When I was growing up, games were demonized as the harbingers of bad grades. But games such as SimCityEDU, recently released at schools, are now seen by grownups as compelling ways to teach middle-schoolers complex systems.
SimCityEDU is a mod of SimCity, the re-imagining of Will Wright’s world-famous city building game, the one from earlier this year that the internet freaked out about. The modification was done by Glasslab, an organization that takes videogames and transforms them into learning tools. The game differs from the SimCity you may know, as there are no rampaging Kaiju, and children are tasked with planning school bus routes, recognizing the tradeoffs between coal and green energy, and reducing the effects of pollution on the environment.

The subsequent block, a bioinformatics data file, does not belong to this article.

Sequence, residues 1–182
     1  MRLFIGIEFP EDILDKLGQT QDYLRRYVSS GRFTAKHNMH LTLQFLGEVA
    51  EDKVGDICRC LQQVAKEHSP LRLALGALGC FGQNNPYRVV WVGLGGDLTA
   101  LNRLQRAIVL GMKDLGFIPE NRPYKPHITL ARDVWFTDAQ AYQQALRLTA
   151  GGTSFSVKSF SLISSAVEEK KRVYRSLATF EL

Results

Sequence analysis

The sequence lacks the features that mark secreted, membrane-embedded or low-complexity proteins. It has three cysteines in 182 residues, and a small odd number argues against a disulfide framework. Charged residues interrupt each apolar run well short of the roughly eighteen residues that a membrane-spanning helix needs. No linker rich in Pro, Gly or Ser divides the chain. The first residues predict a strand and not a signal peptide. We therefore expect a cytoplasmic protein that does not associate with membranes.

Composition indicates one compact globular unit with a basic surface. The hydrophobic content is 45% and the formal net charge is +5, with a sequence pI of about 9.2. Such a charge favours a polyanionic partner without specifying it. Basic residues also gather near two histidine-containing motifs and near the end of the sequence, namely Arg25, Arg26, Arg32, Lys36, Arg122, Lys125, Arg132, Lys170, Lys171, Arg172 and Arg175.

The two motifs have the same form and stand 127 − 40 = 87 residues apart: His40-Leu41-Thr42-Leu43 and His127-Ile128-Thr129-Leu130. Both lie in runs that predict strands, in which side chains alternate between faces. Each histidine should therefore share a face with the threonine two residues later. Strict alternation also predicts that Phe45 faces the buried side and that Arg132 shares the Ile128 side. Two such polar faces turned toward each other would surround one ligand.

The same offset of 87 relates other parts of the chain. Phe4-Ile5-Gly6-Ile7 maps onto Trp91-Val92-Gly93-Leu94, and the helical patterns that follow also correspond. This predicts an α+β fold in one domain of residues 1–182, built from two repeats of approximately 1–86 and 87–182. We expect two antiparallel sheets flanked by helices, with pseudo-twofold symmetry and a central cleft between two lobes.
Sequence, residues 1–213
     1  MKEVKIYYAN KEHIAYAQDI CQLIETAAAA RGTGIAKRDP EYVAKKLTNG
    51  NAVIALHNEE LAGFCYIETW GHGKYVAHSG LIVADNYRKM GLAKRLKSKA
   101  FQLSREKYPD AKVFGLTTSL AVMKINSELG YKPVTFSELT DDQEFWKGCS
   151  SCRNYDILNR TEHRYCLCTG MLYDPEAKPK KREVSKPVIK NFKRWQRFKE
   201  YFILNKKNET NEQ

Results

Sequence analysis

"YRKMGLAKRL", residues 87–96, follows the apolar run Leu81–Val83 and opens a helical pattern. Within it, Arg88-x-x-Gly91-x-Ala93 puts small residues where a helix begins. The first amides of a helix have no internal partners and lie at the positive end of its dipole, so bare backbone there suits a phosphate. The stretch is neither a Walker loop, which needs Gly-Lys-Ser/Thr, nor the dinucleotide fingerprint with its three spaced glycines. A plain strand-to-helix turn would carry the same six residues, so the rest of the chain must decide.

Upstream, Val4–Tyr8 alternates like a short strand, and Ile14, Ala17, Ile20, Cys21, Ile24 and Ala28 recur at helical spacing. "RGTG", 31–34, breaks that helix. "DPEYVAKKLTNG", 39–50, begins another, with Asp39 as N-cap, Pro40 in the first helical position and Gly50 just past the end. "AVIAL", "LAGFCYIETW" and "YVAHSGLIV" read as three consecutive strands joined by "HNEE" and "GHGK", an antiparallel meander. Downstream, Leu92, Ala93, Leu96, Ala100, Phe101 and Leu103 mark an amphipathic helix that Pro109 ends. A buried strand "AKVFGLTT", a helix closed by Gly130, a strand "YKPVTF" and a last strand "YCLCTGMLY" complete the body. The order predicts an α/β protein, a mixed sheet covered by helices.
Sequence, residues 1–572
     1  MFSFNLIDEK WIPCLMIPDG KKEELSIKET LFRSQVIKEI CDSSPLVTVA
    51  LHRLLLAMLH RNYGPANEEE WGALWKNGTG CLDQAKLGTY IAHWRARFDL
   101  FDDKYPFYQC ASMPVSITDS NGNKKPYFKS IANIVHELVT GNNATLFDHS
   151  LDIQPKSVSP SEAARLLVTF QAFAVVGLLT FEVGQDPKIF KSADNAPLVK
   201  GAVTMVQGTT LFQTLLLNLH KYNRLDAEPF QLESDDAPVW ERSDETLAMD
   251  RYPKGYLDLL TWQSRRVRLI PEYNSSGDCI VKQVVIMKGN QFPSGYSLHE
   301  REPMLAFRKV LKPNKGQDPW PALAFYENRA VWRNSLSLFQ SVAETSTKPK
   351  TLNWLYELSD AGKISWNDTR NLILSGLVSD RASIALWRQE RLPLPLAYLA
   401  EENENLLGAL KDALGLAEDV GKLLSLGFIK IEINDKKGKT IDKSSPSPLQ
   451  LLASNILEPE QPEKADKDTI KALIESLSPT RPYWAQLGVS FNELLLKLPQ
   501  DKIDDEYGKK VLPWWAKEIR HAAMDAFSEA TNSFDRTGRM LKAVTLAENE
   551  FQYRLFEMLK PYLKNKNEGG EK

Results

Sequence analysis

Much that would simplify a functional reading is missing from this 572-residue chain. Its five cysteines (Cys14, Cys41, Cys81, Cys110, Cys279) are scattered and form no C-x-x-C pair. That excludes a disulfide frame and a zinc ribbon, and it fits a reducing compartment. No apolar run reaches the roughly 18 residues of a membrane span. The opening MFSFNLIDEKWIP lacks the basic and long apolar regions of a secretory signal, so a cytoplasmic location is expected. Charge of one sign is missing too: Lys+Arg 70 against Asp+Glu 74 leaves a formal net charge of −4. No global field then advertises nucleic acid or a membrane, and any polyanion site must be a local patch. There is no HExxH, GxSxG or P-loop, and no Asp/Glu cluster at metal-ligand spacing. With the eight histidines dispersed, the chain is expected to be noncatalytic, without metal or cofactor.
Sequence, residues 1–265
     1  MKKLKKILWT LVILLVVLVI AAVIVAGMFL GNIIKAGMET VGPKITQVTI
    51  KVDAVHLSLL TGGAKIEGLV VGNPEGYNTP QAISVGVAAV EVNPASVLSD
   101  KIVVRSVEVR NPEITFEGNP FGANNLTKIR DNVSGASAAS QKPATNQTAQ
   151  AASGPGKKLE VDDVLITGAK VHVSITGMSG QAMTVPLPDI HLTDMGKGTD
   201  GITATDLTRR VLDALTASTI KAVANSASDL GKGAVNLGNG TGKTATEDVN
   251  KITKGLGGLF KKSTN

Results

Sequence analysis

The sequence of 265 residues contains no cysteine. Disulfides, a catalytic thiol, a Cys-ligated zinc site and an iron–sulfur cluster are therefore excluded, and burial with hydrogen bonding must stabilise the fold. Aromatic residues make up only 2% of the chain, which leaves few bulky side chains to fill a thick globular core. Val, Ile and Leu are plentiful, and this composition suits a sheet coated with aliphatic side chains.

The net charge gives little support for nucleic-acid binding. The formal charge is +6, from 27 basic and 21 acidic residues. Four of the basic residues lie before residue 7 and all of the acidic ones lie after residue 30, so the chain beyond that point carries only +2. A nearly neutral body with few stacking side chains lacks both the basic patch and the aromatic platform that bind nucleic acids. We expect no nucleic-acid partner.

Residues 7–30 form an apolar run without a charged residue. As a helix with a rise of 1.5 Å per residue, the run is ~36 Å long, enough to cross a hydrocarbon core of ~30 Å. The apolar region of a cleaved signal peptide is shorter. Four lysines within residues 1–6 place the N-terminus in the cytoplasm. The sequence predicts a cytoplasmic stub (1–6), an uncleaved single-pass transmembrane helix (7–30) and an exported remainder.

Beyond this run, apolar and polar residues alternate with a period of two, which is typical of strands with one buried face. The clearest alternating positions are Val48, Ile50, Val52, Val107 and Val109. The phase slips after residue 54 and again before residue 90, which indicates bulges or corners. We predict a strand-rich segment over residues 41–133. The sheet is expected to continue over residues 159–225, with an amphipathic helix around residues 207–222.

Like any standardized test, the mod emphasizes critical thinking and problem-solving skills, but a sizable advantage to using games to teach children is that games offer better insight into their thought processes. Because this is a digital interface, SimCityEDU generates a substantial amount of data. Educators are able to watch the movement of the kids’ mice. They can observe how long it takes them to make decisions. They can see how a wrong solution was reached, something they can’t on multiple choice tests. And the kids seem to enjoy it a lot more than sociology class.